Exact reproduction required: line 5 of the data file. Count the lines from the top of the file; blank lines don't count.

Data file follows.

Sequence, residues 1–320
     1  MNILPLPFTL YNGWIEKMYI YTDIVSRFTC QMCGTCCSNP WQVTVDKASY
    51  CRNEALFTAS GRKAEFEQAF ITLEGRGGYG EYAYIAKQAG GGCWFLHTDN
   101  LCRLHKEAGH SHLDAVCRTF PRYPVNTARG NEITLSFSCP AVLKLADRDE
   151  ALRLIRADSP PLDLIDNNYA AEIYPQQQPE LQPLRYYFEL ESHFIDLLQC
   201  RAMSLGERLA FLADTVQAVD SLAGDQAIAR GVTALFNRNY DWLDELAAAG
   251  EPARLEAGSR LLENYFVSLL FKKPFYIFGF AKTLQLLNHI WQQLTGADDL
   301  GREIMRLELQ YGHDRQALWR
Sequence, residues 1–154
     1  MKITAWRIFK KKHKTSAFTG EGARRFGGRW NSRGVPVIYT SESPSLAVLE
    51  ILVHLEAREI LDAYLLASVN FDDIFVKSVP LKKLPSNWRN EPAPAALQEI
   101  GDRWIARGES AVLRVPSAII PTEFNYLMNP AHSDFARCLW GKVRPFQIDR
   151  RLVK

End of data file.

   151  ALRLIRADSP PLDLIDNNYA AEIYPQQQPE LQPLRYYFEL ESHFIDLLQC